Romanian subway workers called off an indefinite strike over wages planned to begin on Thursday after the centrist government caved in and approved wage hikes of up to 10 percent, the union said.
The three-month-old cabinet in Romania, the EU's second poorest country, has put a vital 20 billion euro International Monetary Fund aid deal back on track by promising to cut spending, including axing up to 100,000 public sector jobs.
But analysts warn mounting social unrest and an unstable cabinet -- with only fragile support in parliament -- make Bucharest prone to making further concessions, similar to Wednesday's, which may put the brake on reforms.
Some 5,000 subway workers in Bucharest had planned to stop work, demanding a 20 percent pay rise in the first major union action this year, which could have caused traffic gridlock in the capital city of some 2.2 million people.
"Luckily for subway employees and the public, there's not going to be any strike tomorrow," trade union leader Ion Radoi told state news agency Agerpres on Wednesday.
Other public workers including hundreds of thousands of teachers and civil servants plan a series of strikes in the coming weeks, piling pressure on the new cabinet trying to claw its way out of recession with painful budget spending cuts.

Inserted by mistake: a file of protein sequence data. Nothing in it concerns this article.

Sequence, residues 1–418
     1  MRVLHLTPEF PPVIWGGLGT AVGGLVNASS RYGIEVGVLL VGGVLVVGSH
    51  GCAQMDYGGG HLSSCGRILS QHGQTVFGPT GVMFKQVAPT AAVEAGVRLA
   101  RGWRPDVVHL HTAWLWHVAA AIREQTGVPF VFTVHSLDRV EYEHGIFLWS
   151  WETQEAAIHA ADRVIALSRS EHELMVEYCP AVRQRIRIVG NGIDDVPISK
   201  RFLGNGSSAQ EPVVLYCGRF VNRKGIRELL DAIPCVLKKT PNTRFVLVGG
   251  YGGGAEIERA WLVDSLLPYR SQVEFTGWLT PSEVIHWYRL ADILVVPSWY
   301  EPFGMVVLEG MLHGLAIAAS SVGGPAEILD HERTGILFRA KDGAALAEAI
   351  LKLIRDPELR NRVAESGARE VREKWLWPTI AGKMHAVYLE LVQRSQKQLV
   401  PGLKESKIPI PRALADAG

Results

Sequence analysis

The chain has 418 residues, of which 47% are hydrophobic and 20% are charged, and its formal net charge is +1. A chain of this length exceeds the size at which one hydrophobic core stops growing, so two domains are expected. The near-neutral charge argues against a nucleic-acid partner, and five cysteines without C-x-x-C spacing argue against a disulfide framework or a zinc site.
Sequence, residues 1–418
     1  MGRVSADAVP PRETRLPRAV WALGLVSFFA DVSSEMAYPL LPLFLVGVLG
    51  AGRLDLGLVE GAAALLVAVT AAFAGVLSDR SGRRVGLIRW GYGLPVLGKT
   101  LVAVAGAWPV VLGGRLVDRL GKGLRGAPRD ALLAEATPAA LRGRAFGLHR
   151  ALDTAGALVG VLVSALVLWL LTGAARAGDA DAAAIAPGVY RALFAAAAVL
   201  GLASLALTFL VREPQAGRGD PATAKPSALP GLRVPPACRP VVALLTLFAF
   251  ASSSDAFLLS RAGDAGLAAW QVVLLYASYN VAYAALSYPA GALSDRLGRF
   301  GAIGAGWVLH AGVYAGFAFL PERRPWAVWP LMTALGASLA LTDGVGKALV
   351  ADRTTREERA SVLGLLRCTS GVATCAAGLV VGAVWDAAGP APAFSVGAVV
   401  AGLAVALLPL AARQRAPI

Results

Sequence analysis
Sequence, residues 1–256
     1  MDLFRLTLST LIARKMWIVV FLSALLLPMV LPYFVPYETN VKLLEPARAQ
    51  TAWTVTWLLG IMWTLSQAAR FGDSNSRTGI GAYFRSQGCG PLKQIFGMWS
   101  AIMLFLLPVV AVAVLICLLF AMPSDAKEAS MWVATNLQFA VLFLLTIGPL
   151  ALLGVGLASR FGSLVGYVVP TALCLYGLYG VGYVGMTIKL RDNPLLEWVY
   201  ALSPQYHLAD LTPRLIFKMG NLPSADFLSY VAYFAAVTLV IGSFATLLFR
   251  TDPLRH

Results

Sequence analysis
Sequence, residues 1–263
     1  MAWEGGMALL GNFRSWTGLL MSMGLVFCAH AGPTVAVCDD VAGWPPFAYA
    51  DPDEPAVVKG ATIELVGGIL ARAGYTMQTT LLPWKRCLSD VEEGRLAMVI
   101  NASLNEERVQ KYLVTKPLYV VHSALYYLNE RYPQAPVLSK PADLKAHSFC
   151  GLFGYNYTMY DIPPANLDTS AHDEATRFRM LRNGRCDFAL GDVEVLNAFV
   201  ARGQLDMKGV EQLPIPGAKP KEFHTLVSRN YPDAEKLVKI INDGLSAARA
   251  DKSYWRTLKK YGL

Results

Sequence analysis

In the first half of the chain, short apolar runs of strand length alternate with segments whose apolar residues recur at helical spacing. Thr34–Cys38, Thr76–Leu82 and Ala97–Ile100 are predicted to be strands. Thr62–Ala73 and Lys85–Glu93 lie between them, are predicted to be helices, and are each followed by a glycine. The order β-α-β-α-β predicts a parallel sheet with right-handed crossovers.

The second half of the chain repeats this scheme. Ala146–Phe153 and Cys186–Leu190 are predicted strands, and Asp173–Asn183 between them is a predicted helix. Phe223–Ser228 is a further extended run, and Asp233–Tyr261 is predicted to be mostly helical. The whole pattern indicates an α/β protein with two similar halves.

Unions plan to show mounting discontent at pay cuts and mass layoffs in the country's bloated administration and analysts say nationwide strikes may hamper Bucharest's bid to rein in a yawning fiscal deficit.
Romania's huge state sector accounts for a third of the country's jobs, employing 1.3 million workers. Its payroll swallows 9 percent of gross domestic product and experts say the cost is twice as high as it should be.
Teachers in poorer eastern regions have started boycotting classes at about 160 schools, protesting against a decision to reschedule overdue wage payments over a three-year period.
The move has angered powerful education unions, who are holding consultations this week to decide on whether to stage a strike. Union leader Aurel Cornea says a nationwide referendum among teachers would take place in April.
And there could be more to come, with analysts warning recently drafted plans to sack 10,000 railway staff this year could also provoke strike action.
The next battleground will probably be the minimum wage, which unions have long demanded should be raised to 705 lei ($236) per month from 600 lei.
ReutersGüncelleme Tarihi: 17 Mart 2010, 23:42